Daughters of the Regiment

There was a wonderful story in the in the New York Times on August 5th called “Women at War” by C. K. Larson about the activities that women on both sides undertook in fighting the American Civil War. Larson reminded us that these Civil War women were doing what Continental Army women had done in the past.

Indeed. During the American Revolution, while it is true that women usually stayed behind and provided for their families while their husbands, brothers, and sons were off fighting the British, there were those who played more active roles. A few disguised themselves as men and fought on the battlefields. The record on the right below shows that there was a woman soldier at the Peekskill barracks.
Other women were camp followers. These women, often with children, traveled with the armies—American, British, and Hessian—performing tasks such as cooking, sewing, laundering, and nursing the sick and injured.

Needless to say, it is difficult to find writings by camp followers. The best sources are depositions such as the one given by Sarah Matthews Osborn. Sarah accompanied her husband when he re-enlisted and was stationed at West Point in the winter of 1780. In the deposition applying for her husband’s pension (in 1837) she said that she “lived at Lieutenant Foot’s, who kept a boarding house,” and that she “was employed in washing and sewing for the soldiers.” She and her husband moved south with the army and were part of the decisive battle at Yorktown in 1781. Her statement continues.

Deponent took her stand just back of the American tents, say about a mile from the town, and busied herself washing, mending, and cooking for the soldiers, in which she was assisted by the other females; some men washed their own clothing. … deponent cooked and carried in beef, and bread, and coffee (in a gallon pot) to the soldiers in the entrenchment. On one occasion when deponent was thus employed carrying in provisions, she met General Washington, who asked her if she “was not afraid of the cannonballs?” She replied … that “It would not do for the men to fight and starve too.” …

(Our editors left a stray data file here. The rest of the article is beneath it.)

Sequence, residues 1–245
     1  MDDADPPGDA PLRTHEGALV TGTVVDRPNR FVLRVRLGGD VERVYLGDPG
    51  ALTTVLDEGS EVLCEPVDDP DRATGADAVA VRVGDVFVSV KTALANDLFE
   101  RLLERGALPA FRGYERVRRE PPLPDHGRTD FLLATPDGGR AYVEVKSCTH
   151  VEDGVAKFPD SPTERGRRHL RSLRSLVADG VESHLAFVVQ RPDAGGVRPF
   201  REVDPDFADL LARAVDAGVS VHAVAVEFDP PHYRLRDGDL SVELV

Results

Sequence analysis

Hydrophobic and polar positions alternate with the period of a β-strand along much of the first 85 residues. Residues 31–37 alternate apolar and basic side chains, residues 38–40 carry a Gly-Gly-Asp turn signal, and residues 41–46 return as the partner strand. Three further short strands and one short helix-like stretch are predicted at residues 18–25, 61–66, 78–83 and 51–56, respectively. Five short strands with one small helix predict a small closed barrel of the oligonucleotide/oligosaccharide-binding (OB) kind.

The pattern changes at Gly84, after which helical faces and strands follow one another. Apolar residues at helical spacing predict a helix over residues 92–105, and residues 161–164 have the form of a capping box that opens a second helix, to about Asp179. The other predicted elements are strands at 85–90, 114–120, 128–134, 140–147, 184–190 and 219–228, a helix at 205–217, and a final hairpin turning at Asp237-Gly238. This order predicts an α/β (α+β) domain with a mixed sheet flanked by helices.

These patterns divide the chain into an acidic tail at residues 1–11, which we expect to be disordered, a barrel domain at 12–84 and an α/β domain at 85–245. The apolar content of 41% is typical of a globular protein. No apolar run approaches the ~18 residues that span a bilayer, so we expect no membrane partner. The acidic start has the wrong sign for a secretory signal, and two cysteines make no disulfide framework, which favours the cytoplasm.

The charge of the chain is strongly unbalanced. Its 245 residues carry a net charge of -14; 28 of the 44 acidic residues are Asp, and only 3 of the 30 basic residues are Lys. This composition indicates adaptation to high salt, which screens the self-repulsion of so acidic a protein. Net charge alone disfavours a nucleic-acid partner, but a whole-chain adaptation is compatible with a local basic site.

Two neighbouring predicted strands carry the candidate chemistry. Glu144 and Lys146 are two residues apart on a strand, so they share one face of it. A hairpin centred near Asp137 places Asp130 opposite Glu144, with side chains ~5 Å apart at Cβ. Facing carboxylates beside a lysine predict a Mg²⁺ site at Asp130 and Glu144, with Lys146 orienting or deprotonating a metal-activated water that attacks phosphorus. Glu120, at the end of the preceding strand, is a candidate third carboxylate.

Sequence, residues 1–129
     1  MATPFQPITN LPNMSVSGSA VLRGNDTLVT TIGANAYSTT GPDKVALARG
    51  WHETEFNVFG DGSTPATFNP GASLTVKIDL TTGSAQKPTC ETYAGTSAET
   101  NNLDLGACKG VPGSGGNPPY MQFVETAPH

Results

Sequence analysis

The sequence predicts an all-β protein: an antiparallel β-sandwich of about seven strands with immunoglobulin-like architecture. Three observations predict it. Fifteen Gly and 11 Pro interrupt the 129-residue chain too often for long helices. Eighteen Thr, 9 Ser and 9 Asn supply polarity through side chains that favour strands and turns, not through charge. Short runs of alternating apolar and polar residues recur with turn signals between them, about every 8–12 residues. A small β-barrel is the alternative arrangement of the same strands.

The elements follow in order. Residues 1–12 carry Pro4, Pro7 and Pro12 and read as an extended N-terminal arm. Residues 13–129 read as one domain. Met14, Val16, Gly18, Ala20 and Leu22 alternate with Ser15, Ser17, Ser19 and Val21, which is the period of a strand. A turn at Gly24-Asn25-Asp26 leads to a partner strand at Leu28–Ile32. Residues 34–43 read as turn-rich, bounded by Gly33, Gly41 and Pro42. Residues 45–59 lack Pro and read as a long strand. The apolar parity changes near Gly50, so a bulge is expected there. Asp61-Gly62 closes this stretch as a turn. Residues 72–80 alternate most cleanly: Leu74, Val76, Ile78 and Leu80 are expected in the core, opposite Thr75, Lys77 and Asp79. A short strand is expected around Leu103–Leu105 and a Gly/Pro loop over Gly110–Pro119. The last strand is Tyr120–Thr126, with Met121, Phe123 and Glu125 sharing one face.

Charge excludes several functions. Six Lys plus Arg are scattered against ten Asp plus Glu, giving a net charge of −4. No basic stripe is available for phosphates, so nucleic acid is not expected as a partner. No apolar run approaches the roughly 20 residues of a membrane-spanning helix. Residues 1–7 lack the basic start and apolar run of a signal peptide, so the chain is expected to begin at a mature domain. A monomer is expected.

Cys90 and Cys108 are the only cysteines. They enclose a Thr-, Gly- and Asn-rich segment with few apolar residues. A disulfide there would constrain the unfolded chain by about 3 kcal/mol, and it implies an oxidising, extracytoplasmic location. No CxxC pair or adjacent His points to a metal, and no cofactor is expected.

[A]ll at once the officers hurrahed and swung their hats, and deponent asked them, “What is the matter now?”
One of them replied, “Are not you soldier enough to know what it means?”
Deponent replied, “No.”
They then replied, “The British have surrendered.”
Deponent, having provisions ready, carried the same down to the entrenchments that morning, and four of the soldiers whom she was in the habit of cooking for ate their breakfasts.

I loved the way the Times story ended. “Whatever duties they performed, the Civil War women who valiantly served their causes distinguished themselves from men in one major way: They were all volunteers, as has been every woman who ever enrolled in military service in our nation’s history.”

Osborn’s deposition is from In the Words of Women, pages 153-54.

posted August 9th, 2012 by Janet, CATEGORIES: Battles, Camp followers, Military Service, Patriots


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